At the beginning of winter, the capital of India, New Delhi, has suffered from severe air pollution. Authorities were even forced to close all schools in New Delhi last week after air quality reached ‘very poor’ levels.
However, as the situation does not improve, all primary schools in the capital New Delhi remain closed due to high levels of air pollution. On the other hand, secondary and higher secondary level educational institutions have been told to take classes online.
Reuters reported this information in a report on Sunday (November 5).
According to the report, primary schools in India’s capital city will remain closed until November 10 due to high levels of pollution, a Delhi government minister said.
Also Read: School closure announced in New Delhi due to severe air pollution
On social media platform X, Delhi Education Minister Atishi Marlena said, ‘Primary schools in Delhi will remain closed till November 10 due to high pollution levels.’
He also said that schools are being given the opportunity to take classes online for students of grades six to twelve.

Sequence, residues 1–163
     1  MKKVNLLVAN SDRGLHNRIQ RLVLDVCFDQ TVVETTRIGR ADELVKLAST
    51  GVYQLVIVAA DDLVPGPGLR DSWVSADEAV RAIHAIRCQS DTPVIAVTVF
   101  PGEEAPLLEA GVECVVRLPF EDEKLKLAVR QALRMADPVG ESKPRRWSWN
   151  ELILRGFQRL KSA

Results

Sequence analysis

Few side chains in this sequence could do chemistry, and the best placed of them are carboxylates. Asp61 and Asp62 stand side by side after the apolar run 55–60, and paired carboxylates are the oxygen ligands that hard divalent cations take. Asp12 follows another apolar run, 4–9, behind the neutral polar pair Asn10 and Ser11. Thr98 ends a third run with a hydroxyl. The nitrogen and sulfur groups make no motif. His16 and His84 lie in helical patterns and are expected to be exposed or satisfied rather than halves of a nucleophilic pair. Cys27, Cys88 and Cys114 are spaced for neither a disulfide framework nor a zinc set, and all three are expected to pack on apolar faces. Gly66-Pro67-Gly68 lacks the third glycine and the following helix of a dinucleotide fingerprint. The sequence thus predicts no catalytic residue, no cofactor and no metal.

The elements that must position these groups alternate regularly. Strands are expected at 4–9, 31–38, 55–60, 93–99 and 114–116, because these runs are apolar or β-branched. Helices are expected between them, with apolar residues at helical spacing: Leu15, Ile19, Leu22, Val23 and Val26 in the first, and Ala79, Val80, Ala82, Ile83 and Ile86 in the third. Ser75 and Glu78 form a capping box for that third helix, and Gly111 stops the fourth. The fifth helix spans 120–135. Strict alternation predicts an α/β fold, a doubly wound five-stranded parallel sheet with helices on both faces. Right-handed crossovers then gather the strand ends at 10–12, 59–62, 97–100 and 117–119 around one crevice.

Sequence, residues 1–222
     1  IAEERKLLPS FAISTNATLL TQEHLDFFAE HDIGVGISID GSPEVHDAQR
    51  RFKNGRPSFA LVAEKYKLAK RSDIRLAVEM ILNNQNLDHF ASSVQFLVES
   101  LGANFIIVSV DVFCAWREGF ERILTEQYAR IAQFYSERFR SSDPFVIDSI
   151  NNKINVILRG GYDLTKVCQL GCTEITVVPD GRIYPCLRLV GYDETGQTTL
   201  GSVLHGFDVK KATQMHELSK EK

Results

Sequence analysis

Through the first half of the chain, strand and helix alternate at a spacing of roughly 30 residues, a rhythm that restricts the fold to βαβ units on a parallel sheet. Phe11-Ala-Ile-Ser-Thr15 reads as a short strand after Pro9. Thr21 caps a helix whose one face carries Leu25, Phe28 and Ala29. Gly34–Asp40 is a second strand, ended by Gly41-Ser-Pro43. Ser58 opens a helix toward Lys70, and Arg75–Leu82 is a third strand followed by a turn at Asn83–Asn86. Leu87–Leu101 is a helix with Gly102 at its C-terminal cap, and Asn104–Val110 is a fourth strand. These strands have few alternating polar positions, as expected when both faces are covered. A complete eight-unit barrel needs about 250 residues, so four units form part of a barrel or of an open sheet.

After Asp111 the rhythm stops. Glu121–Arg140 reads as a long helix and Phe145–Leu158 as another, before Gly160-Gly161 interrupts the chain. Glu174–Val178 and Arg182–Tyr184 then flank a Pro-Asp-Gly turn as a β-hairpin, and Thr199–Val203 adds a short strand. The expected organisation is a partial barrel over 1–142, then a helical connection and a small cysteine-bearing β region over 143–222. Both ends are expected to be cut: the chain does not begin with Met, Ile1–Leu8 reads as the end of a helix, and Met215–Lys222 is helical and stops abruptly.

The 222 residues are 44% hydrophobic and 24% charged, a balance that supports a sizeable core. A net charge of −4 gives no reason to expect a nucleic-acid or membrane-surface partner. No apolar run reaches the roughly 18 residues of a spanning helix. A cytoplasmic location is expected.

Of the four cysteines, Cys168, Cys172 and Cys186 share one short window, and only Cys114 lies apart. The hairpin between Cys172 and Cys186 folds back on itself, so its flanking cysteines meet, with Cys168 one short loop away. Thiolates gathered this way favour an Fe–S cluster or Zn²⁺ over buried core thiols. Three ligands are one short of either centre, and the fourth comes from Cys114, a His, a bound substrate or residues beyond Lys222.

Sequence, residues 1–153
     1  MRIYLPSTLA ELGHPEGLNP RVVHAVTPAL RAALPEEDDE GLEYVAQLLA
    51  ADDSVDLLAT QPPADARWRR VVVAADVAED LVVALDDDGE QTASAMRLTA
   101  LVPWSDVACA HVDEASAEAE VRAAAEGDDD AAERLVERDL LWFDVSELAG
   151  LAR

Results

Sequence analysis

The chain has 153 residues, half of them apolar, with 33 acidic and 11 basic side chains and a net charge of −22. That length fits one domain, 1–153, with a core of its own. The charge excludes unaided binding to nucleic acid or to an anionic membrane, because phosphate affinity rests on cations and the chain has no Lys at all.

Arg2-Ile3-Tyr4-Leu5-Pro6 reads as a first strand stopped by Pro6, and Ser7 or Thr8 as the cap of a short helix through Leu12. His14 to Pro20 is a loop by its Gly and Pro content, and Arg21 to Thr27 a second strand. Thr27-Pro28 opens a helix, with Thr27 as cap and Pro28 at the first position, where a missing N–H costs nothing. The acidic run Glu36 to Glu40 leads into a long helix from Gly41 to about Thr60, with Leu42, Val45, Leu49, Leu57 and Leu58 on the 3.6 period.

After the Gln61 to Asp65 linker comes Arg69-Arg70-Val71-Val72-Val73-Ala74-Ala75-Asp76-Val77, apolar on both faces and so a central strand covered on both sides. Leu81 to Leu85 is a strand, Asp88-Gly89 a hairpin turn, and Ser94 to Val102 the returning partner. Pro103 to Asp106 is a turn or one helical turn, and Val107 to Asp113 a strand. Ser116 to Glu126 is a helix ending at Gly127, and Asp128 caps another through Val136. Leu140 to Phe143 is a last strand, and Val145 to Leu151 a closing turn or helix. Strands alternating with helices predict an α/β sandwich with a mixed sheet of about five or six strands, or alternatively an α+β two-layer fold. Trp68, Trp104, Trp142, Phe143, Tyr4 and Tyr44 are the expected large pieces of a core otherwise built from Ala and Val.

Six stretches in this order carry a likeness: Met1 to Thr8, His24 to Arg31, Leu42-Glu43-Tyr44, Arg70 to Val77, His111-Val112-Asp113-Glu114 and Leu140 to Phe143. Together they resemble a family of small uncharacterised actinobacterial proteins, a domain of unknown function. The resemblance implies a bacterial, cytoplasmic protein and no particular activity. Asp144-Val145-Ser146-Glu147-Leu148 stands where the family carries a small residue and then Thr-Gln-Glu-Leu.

According to Reuters, according to the Air Quality Index (AQI), an indicator of air pollution, New Delhi is at the top of the list of the most polluted cities in the world. The air quality index (AQI) of the Indian capital was 471 on Sunday, putting Delhi in the ‘extremely hazardous’ category for the day.
According to the AQI index administered by the World Health Organization (WHO), a city’s air quality is ‘good’ if it scores between 0 and 50 points, ‘satisfactory’ between 51 and 100 points, ‘tolerable’ between 101 and 200 points, A score between 201 and 300 is ‘bad’, between 301 and 400 is ‘very bad’ and between 401 and 500 is ‘extremely dangerous’.inside-ad]
World Cup cricket is currently underway in India and Sri Lanka were forced to cancel their training session last Saturday due to toxic air. The team was supposed to practice for Monday’s World Cup match against Bangladesh in the heavily polluted Indian capital.
Note that air pollution starts in Delhi every year from the end of October. The main cause of this pollution is the burning of large amounts of straw in the villages of Uttar Pradesh and Haryana, the two bordering states of Delhi.
The poor people of these villages burn stubble to escape the harsh winters, but the tiny particles created by that fire are blown into the air and mixed with the air of Delhi.
According to climatologists, if there were strong winds, these materials would not have floated like that. But since late October, the air in Delhi has become heavy and foggy. In that heavy foggy air, tiny particles mix and create a breathing situation.
Also, in various rural areas around Delhi, a large amount of straw is burnt in winter; From there also various microscopic particles float in the air of Delhi.